Mumbai: The number of endangered bird
species in the country has risen to 154 from 149 two years
ago, a recent study has said.
A joint study by BirdLife International and Bombay
Natural History Society (BNHS) attributes the rapid decline in
the bird population to habitat destruction.
"Destruction of habitat is the prime reason behind the
fall in their numbers. According to studies, the condition of
Great Slaty Woodpecker has deteriorated from `Least Concern`
to `Vulnerable` while that of Rufous-backed Bunting has fallen
from `Vulnerable` to `Endangered`," BNHS director Asad
Rahmani said here today.
"It is extremely alarming that almost 13 per cent of
world`s bird population is either `critically endangered`,
`endangered` or `vulnerable`. Great Slaty Woodpecker is an
addition from India into the `vulnerable` category, primarily
due to habitat loss," Rahmani said.
"The fact that now 154 bird species from India are
threatened, as against 149 in 2008, is an indicator of further
deterioration of their living environment," he said.
In light of the alarming situation, the BNHS strongly
urges the Government to start special programmes for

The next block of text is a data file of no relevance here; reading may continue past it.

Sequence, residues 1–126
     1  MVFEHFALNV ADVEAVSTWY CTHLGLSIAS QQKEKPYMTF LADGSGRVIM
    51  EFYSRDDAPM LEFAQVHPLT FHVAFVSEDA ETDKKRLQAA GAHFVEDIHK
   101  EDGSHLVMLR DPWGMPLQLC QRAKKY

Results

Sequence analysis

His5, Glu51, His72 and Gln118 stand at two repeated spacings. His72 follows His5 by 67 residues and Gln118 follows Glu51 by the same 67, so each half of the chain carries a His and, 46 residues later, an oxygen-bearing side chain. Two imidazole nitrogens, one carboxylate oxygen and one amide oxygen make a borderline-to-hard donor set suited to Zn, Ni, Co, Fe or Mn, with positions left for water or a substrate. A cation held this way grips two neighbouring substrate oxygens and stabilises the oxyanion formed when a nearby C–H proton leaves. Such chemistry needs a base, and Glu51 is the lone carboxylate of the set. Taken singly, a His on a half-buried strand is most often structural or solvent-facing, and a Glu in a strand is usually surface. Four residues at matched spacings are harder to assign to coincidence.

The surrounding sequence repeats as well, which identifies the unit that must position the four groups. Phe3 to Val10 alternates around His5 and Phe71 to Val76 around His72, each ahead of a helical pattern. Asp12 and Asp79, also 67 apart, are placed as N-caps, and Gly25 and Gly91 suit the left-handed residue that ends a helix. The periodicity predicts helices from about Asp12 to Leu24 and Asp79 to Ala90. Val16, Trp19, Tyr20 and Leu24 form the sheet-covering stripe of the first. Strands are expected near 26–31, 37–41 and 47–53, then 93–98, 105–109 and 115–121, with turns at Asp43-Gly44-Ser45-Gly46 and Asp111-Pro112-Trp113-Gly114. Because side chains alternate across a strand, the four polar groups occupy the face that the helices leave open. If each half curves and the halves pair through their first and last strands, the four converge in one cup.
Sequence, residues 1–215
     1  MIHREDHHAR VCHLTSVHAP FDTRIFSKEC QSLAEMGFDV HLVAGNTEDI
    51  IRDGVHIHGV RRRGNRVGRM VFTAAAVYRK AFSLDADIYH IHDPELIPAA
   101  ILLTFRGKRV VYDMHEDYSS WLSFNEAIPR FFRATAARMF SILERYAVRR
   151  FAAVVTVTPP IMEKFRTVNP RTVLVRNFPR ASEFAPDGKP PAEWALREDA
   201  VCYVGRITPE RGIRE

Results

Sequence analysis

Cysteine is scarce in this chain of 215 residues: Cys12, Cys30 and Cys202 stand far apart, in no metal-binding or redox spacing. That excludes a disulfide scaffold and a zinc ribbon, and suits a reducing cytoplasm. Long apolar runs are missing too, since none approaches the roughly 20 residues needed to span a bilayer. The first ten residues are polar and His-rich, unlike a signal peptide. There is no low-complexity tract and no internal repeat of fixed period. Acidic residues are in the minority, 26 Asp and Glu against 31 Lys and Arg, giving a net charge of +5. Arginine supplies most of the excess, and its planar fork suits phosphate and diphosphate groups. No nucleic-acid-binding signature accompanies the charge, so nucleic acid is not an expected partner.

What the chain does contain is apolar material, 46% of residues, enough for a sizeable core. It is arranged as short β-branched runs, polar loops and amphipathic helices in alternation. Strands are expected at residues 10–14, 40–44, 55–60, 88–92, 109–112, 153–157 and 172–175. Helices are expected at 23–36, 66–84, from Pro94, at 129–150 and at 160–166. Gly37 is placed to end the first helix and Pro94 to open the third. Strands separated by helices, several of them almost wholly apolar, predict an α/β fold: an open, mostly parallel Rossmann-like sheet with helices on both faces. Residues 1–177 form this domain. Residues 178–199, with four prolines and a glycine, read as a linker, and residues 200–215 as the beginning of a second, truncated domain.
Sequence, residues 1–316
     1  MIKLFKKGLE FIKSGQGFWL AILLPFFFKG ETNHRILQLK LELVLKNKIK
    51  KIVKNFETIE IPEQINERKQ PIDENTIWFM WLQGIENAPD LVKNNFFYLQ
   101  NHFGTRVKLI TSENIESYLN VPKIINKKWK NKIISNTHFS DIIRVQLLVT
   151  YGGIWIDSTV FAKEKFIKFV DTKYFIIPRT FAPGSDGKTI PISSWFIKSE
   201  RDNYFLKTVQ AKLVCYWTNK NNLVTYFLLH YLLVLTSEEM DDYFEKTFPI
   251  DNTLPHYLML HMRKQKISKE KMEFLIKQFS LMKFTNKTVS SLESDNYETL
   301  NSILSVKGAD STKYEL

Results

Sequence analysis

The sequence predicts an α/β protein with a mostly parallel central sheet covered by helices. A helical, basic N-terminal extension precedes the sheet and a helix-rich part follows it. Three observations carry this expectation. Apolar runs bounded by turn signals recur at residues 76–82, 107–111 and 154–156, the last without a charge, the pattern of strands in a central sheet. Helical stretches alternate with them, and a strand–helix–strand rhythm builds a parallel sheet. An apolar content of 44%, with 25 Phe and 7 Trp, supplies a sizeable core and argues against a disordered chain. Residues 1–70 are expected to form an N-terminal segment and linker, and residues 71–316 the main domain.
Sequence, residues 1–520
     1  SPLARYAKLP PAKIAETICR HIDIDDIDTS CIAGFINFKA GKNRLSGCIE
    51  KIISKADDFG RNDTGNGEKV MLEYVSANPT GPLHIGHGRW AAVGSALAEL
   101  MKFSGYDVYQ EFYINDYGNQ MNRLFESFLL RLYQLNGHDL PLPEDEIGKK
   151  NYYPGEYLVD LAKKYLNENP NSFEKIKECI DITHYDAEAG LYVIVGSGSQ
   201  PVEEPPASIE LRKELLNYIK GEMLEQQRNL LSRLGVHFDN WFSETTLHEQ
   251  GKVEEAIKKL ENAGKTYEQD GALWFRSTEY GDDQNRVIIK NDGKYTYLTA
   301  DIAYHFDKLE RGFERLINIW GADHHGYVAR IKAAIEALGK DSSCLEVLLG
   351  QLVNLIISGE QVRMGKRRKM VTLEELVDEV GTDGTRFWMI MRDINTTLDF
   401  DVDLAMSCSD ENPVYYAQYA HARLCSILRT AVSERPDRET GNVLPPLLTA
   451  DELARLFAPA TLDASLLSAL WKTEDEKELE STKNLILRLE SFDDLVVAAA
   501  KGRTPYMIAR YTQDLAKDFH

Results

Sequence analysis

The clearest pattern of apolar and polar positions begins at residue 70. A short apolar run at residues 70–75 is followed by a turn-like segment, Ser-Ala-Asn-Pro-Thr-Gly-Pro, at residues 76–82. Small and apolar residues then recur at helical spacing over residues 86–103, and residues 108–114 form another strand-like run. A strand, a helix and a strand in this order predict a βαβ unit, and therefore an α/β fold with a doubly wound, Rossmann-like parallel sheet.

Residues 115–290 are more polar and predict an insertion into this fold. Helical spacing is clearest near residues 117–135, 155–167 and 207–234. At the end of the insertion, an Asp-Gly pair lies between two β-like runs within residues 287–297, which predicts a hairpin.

protection of birds and their habitats, Rehmani said.
BNHS has identified 466 Important Bird Areas (IBAs)
across India, which are crucial for bird habitats.
"At present 200 among them are not officially protected.
All such areas should be protected and local communities
involved in conservation measures," he said.
Rahmani, who is also a member of the Global Council of
BirdLife and Chairman of BirdLife Asia Council, said that
supposedly common species in India like Nilgiri Blue Robin and
White-bellied Blue Robin have been included in the endangered
He added that Himalayan Quail and Pink-headed Duck are
considered extinct in India since they have not been seen for
nearly 100 years.
"However, there is still hope to rediscover these birds,
they have been included in the critically endangered